If you are still reading this far into the review, I’ll assume you are a enthusiastic To fan, or at least curious enough to enter the fandom. There’s been criticism about the excessive CG at the end of the film, but I’d have to say that it isn’t nearly as glaring as the beer can in Exiled. What does stick out like a sore thumb is a cliffhanger scene where certain cast members are hanging for their lives in front of the dreaded green screen void. It’s entirely unconvincing and makes you miss the days where Hong Kong would have real actors in near death situations at twice the height.

Beyond that, Three is a unique new entry for To, that could easily creep into the secondary favourites lists that also include other non typical To films such as Sparrow, Needing You and Office.


Exterminators of the Year 3000 Review

February 8, 2016

I don’t think I’m blowing too many minds when I repeat information online that this Italian-Spanish co-production is a Mad Max 2 derivative. Thanks to the glut of independent companies releasing cheap films from yesteryear to home video, it’s easy to spot these cinematic wannabes and have a quick laugh. Whether these laughs last the running time of the film is all up to the viewer. Exterminators of the Year 3000‘s director Carnimeo is known more for his spaghetti westerns and sex comedies and he clearly finds himself struggling with a sci-fi action film. It has even less of a unique personality than Enzo G. Castellari’s 1980s attempts. Among the characters here, we have a complete rip-off of Wez from Mad Max 2 named Crazy Bull (played by Fernando Bilbao) and Robert Iannucci as Alien, who resembles Mad Max only in uniform. Alien lacks the character arc of Max and seemingly just drives around as a lone wolf, jumping from being a villain to hero every other scene.

I mean, it’s not hard to spot the similarities. Even in Spain, the film’s poster even says, “Hey audience! It’s like Mad Max!”

Exterminators of the Year 3000 Spanish poster
Spanish film poster is at least not trying to bullshit us about the films origin

The script, by Lucio Fulci regulars Elisa Briganti and Dardano Sacchetti, fills the film with bizarre dialogue. The writers get pretty phoney here with lines from Crazy Bull referring to the crew as a bunch of “mother-grabbers”. Far too much of the script sets up problems that are resolved way too quickly to make any impact or are solved in lame ways by cheap sci-fi toys. Got a locked door? Why kick it down when you can just use my device that plays an annoying high-pitched sound effect that inexplicably unlocks things. The screenwriters are also aware that it’s an Italian production, so it’s not above showing children getting maimed. One of the more bizarre scenes in the film features a young boy (with the surprisingly un-Mad Maxish name of “Tommy”) has his arm ripped straight off by bikers. But don’t worry folks – it’s revealed to be a robotic arm (!) and is partially repaired by Alien, who puts it back together with duct tape(!?)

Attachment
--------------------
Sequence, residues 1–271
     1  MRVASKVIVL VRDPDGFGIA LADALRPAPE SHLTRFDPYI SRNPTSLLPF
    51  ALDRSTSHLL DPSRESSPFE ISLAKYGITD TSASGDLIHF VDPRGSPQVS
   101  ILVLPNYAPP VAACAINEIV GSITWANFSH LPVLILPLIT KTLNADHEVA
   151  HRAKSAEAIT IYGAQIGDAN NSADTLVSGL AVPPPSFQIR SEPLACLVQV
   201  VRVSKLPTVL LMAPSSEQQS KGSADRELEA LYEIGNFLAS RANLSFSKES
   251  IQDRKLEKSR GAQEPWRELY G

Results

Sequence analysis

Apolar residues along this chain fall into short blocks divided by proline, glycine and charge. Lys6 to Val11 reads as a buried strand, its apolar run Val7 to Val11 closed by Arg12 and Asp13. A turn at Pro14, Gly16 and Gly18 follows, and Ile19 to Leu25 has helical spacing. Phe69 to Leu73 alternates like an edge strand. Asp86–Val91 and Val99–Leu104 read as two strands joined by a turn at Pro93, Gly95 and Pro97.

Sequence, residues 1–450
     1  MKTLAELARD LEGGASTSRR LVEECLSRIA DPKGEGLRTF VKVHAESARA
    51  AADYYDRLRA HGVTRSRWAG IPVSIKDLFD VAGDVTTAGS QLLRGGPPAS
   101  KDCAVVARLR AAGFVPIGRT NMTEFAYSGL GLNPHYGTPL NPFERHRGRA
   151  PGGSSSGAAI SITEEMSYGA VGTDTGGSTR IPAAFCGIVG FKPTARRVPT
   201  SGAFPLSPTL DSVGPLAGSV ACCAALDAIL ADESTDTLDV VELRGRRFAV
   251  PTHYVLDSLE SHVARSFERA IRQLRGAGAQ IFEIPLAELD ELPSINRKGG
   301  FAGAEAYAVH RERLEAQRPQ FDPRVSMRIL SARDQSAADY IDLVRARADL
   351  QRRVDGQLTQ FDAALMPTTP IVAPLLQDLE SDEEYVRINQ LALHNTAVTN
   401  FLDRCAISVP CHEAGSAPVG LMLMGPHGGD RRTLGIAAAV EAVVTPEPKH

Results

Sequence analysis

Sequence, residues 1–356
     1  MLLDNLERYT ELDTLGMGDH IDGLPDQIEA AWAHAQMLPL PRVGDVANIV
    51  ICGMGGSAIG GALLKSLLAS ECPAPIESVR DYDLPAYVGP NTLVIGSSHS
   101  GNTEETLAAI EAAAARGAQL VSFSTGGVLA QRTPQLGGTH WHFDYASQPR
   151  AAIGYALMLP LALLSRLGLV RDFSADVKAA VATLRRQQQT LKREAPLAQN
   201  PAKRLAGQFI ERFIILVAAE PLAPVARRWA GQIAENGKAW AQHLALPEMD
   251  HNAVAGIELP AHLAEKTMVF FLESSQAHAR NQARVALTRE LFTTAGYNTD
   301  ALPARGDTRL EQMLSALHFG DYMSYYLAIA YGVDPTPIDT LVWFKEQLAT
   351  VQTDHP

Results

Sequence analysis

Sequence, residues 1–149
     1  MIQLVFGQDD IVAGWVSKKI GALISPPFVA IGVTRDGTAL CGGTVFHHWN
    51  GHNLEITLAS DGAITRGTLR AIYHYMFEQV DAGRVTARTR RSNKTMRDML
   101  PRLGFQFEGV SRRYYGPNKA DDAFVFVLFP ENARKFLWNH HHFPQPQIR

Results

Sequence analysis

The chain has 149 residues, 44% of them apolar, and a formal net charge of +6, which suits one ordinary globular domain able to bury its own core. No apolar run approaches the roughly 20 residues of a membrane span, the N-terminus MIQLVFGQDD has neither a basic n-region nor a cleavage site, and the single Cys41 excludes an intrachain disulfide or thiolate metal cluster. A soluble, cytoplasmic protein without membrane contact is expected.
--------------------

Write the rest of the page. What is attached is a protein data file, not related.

The only slightly original villain comes from singer and model Beryl Cunningham, in her final film role. Her weapon of choice is a glove with surprise spiked knuckles that shoot out whenever a camera zooms in on it. She wears this glorified switchblade glove along with a spiked leather bodysuit. . Seeing Cunningham in the suit makes one wonder if the role was intended for someone else, as the suit doesn’t appear to fit! Even a pinch saggy, Cunningham appears to be in great shape here and you think an exploitative film would want to make the most of this.


One of the few unique action scenes. I dig the Skull rollin’

The action scenes are just as delightfully stolen from Mad Max 2. Did you ever not want to sit through the entirety of that film to get the final chase? No worries, Exterminators of the Year 3000 gives it to you during the second big action scene. Outside a few Castellari styled slow motions shots, we get some very obvious issues such as the cars moving far too slowly to represent any real chase (imagine a slight traffic delay around your local highway during rush hour) or any shot from the inside of a vehicle where it’s way too easy the spot that vehicles are not in motion. Later scenes involve vehicles surrounding their captives in a circle which resembles a demolition derby. This type of capture would make sense on horseback, but I gather that Carnimeo perhaps only had a budget to destroy a select few cars.

As is the trend since the release of Drive, is that every single film is getting it’s score re-released. Even Exterminators of the Year 3000! There are several samples here that include the sillier dialouge from the film. Reminds me of the Diabolik bootleg soundtrack in that sense.

I’m afraid this isn’t too great of a soundtrack, probably just due to the limitations in both time and budget to record it. At least it doesn’t go the Sammo Hung route and just steal the score from Halloween and Rambo.

So we have a generic film without much to recommend outside a few goofy scenes and to see the extent to which filmmakers go in ripping off Mad Max 2. After my viewing of Exterminators, I began questioning the criticism of being “original” in film. What makes a rip-off an instant write-off while sequels are “highly anticipated”? Let’s imagine it’s an alternative universe where the producers of this film somehow get the rights to Mad Max franchise and would officially make this the third film in the series. Would it still be a rip-off? No one from the original film is involved, but would they be less criticized if we didn’t know the production history? Let’s look at Aliens by James Cameron. What if Cameron didn’t get the rights from Walter Hill and the other producers of Alien to continue the next picture, but he made his own Alien-killers-from-space film. Would people bash it by saying “Hmm. Clearly taken bits and pieces from Alien” or would would they give it a free pass as they do now because it’s an officially sanctioned follow-up?